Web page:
Individuals who fall at the unhealthy end of the narcissism spectrum, as survivors know, follow a predictable pattern in relationships. The first phase is idealization, followed by devaluation and ultimately discard, often circling back to the first stage and so on, until we break free.
Becoming aware of any clues that a relationship may be blighted and that we are engaging with an individual with Narcissistic Personality Disorder (NPD) is a key part to ensure we get wise as soon as possible, and disentangle ourselves from what will surely follow in this extremely damaging and repetitive pattern with the abusive narcissist.
One way to identify the possibility that we may be entangled, is to pay close attention to the language that is used when communicating. Interestingly, and an additional sign that you are likely to be involved with a narcissist, the language and communication style will change starkly depending on which phase of the abuse cycle you are in. This will also be accompanied by a mind-boggling array of strategies applied to ensure your enmeshment. These articles will look at what these signs are in each of the phases.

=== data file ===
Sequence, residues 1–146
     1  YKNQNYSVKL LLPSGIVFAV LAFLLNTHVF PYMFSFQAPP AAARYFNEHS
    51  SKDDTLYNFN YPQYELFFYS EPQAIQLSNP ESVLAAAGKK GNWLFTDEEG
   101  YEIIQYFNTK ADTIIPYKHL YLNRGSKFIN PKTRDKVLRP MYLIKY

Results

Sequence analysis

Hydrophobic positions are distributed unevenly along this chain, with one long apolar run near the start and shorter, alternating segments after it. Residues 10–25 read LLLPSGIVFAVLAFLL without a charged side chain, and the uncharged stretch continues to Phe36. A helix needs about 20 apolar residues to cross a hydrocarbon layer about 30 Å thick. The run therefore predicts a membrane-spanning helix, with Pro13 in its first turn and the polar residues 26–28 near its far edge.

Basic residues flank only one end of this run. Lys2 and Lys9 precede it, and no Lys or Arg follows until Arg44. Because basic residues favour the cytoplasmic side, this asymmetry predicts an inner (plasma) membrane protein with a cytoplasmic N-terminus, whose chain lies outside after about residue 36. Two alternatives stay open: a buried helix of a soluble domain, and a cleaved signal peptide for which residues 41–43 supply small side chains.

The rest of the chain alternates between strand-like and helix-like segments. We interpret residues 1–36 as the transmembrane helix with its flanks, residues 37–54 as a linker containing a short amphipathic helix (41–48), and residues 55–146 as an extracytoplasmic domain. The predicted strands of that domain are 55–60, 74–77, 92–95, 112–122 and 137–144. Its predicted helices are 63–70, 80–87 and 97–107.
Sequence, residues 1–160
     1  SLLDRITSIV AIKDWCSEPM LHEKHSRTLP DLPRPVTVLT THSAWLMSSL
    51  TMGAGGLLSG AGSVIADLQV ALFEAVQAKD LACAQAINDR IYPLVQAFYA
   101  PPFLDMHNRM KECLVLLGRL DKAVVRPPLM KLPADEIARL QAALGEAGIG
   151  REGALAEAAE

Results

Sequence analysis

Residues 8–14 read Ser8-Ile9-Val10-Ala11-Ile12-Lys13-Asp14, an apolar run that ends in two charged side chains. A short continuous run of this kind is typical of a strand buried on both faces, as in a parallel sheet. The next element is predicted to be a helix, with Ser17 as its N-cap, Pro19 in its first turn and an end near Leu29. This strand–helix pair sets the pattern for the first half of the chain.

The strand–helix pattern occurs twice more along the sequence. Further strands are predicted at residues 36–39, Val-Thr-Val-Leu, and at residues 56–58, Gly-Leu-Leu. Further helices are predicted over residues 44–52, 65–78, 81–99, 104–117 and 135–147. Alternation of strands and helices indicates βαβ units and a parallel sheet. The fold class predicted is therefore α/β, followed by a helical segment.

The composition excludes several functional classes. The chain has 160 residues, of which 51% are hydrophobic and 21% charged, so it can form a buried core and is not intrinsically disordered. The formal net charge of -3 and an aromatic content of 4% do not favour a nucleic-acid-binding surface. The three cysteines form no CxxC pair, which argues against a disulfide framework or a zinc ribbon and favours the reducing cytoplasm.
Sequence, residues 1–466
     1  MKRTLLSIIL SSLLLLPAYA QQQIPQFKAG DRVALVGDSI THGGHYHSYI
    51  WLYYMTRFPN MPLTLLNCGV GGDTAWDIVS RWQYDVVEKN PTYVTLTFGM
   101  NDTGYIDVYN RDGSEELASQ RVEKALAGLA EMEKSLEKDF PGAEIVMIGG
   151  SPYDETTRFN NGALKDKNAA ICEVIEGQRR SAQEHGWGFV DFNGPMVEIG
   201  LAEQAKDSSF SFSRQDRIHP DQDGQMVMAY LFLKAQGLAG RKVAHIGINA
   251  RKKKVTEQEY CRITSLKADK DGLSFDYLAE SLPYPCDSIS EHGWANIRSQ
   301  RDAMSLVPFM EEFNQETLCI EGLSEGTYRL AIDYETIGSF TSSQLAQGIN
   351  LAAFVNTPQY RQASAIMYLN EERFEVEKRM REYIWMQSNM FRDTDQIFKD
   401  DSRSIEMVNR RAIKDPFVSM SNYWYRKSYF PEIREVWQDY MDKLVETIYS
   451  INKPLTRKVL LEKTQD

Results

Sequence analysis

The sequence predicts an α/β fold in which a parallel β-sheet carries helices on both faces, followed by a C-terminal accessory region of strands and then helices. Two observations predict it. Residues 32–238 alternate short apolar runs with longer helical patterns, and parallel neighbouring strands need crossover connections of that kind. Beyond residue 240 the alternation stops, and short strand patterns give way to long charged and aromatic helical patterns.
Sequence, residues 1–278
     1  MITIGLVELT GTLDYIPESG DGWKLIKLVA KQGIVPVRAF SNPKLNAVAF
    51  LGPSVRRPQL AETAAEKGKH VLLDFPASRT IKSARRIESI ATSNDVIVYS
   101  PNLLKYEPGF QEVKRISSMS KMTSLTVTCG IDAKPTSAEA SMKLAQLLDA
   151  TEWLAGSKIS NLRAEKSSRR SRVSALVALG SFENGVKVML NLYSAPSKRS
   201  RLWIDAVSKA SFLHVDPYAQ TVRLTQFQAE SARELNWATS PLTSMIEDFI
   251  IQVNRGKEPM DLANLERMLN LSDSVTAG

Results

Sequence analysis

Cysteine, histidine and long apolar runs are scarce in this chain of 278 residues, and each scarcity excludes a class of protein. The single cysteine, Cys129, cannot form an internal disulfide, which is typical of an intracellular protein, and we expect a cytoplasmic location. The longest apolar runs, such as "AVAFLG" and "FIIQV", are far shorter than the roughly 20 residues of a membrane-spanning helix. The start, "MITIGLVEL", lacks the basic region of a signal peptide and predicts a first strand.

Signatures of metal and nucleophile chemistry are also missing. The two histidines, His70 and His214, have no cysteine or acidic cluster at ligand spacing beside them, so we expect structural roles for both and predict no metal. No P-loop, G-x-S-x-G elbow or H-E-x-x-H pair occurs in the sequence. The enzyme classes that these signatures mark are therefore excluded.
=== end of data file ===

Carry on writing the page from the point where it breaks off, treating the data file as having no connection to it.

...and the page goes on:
Pay close attention to these clues! We can rely on them to alert us that something might be amiss at the very beginning. Although tricky to pull ourselves from the addled and bedazzled state induced by love-bombing, we must remember the adage: if someone seems too good to be true, then they probably are! Perfection is a myth people, and the appearance of it, a big, fat warning sign that something is not quite right…
On the other hand, don’t forget that we all sit somewhere on the narcissistic spectrum. Damage from narcissistic abuse leaves scars, including challenges with trusting people. Be aware of this, and don’t cut someone off if they happen to be human and show one or two of the signs every now and then. It is the overall pattern you should be alarmed by, particularly when combined with the communication signs of the devaluing and discard phases which will be explored in Parts 2 & 3 of this series.
Listen to what is being said. Even if you try to hide from hearing it, listen to your gut – intuition has the best ears around.